Next Article in Journal
Gut Function-Enhancing Properties and Metabolic Effects of Dietary Indigestible Sugars in Rodents and Rabbits
Previous Article in Journal
Body Mass Index and Risk of Gallbladder Cancer: Systematic Review and Meta-Analysis of Observational Studies
Open AccessArticle

Effect of Probiotic Supplement on Cytokine Levels in HIV-Infected Individuals: A Preliminary Study

1
Clinic of Infectious Diseases, Department of Medicine and Science of Aging, University "G. d'Annunzio" Chieti-Pescara, 6610 Chieti, Italy
2
Laboratory of Biostatistics, Department of Medical, Oral and Biotechnological Sciences, University "G. d'Annunzio" Chieti-Pescara, 66100 Chieti, Italy
3
Unit of Immunodiagnostic and Molecular Pathology, Department of Medical, Oral and Biotechnological Sciences, University "G. d'Annunzio" Chieti-Pescara, 66100 Chieti, Italy
*
Author to whom correspondence should be addressed.
These authors contributed equally to this work.
Nutrients 2015, 7(10), 8335-8347; https://doi.org/10.3390/nu7105396
Received: 12 June 2015 / Revised: 31 July 2015 / Accepted: 21 September 2015 / Published: 28 September 2015
Inflammation persists in patients infected with HIV. Reduction of inflammatory cytokines and microbial translocation might be one way that this could be managed. Purpose: The anti-inflammatory properties of certain probiotic strains prompted us to investigate whether a probiotic could reduce the inflammatory index of HIV-infected patients. Methods: The study involved 30 HIV+ males on antiretroviral therapy, who were given one bottle of fermented milk Yakult Light® containing Lactobacillus casei Shirota (LcS) twice a day for four weeks. Results: The probiotic LcS was associated with an increase of T lymphocytes and a significant increase of CD56+ cells (p = 0.04). There was also a significant decrease of mRNA levels of TGFβ, IL-10 and IL-12 (p < 0.001) and IL-1β expression (p < 0.001) and an increase of serum IL-23 (p = 0.03). In addition, decreased inflammation and cardiovascular risk were observed, as shown by a reduction of cystatin C (p < 0.001). Conclusions: These data provide preliminary evidence that probiotic supplementation may modulate certain immunological parameters and some of the cytokines that were analyzed. Thus, we propose that LcS may be an inexpensive and practical strategy to support the immune function of HIV+ patients. View Full-Text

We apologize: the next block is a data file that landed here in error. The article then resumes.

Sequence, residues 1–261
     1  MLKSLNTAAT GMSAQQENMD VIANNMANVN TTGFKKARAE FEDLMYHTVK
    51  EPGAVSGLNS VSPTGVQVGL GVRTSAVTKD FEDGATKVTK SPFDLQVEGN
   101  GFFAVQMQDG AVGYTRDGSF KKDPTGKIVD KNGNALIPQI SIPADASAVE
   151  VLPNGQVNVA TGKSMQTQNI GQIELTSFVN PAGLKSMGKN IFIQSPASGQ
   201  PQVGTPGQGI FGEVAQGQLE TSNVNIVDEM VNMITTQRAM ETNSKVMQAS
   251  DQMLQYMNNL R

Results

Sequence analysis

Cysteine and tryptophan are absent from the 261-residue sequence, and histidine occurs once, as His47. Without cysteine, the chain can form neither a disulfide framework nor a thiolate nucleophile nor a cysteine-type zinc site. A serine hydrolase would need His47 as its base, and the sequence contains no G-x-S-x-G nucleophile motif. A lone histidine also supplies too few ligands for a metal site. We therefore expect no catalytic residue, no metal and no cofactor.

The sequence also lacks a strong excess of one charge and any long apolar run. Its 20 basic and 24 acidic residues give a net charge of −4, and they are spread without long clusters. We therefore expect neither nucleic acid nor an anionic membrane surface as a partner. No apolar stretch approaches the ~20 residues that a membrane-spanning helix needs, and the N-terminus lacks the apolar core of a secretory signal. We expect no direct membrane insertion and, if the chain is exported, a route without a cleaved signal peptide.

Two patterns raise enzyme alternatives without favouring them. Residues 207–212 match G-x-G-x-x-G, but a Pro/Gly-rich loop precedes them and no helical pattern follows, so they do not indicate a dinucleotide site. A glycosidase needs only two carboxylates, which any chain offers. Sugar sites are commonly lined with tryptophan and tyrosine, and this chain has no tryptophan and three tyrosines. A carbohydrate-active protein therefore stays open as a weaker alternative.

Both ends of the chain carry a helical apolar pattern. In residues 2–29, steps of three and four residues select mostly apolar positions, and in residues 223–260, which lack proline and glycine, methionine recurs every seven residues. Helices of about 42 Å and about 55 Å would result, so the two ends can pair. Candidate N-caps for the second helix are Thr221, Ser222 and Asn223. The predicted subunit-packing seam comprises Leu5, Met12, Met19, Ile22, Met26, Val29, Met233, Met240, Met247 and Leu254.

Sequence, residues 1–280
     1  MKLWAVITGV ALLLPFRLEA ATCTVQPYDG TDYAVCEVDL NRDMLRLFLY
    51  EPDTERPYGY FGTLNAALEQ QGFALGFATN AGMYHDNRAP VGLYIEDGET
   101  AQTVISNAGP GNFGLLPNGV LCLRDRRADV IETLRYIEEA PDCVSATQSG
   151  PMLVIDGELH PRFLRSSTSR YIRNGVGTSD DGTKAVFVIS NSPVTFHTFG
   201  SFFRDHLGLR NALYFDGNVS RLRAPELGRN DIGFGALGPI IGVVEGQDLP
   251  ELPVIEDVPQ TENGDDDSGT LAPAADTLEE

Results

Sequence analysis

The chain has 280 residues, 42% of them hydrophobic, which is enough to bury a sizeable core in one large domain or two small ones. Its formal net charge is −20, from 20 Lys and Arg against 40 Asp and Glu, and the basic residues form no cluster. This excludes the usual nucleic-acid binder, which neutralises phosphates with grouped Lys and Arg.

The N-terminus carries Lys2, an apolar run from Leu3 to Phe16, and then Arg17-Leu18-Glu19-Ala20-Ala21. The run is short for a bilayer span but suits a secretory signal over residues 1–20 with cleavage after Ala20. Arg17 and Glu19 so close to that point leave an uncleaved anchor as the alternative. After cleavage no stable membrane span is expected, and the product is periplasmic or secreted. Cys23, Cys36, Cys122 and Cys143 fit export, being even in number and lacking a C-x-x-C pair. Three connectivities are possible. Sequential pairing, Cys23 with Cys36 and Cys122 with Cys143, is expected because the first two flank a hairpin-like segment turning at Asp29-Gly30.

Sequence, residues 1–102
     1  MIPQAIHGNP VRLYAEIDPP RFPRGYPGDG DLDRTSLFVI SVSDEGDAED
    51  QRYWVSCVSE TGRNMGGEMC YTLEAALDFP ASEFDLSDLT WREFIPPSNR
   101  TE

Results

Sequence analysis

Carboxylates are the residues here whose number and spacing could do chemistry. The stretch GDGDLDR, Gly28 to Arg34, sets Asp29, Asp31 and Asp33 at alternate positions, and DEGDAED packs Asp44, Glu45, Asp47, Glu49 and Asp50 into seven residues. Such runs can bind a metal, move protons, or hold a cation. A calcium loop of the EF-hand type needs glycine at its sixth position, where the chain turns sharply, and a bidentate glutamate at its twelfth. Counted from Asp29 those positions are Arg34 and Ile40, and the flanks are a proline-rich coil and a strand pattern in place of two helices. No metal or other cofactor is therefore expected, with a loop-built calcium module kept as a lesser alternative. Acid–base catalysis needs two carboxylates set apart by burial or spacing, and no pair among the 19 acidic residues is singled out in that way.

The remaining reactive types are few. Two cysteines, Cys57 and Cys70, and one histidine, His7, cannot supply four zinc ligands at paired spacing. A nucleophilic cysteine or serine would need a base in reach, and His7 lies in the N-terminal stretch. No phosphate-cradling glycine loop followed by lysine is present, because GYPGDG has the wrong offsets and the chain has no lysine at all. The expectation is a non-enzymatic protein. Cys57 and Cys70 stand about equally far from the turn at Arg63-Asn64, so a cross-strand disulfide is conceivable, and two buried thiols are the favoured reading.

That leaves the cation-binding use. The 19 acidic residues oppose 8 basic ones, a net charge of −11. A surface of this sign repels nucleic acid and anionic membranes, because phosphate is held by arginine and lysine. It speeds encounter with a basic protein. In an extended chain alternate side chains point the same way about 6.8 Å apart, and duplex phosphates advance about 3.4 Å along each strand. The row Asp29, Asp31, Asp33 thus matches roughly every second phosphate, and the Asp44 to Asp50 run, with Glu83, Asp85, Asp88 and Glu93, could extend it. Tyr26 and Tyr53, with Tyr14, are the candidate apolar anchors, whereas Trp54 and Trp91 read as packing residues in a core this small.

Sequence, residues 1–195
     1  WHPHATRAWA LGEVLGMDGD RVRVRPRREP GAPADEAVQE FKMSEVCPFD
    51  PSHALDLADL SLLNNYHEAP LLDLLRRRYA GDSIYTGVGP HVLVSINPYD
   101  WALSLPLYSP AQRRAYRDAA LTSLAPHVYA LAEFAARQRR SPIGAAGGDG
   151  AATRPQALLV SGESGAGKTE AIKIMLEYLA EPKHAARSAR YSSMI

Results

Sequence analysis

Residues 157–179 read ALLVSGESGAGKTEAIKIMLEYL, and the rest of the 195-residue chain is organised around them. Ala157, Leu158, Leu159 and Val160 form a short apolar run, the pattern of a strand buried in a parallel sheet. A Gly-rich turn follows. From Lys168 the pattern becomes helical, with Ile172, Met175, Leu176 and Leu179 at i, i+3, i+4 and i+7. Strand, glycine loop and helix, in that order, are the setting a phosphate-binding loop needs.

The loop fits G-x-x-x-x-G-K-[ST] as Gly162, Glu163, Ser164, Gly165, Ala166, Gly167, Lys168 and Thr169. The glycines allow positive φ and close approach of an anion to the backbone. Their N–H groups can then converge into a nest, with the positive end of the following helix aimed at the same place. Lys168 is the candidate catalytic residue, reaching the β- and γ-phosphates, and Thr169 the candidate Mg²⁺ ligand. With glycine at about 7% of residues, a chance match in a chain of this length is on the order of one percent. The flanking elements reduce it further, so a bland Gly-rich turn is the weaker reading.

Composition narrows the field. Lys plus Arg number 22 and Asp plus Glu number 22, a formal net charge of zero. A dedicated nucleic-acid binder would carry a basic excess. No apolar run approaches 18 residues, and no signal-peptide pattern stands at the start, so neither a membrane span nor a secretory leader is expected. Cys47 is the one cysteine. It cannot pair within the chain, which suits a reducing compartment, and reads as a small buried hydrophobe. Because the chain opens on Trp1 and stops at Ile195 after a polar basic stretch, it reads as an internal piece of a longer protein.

Keywords: Lactobacillus casei Shirota; dietary supplements; nutrition; AIDS; ART; inflammation Lactobacillus casei Shirota; dietary supplements; nutrition; AIDS; ART; inflammation
Show Figures

Figure 1

MDPI and ACS Style

Falasca, K.; Vecchiet, J.; Ucciferri, C.; Di Nicola, M.; D'Angelo, C.; Reale, M. Effect of Probiotic Supplement on Cytokine Levels in HIV-Infected Individuals: A Preliminary Study. Nutrients 2015, 7, 8335-8347.

Show more citation formats Show less citations formats

Article Access Map by Country/Region

1
Only visits after 24 November 2015 are recorded.
Back to TopTop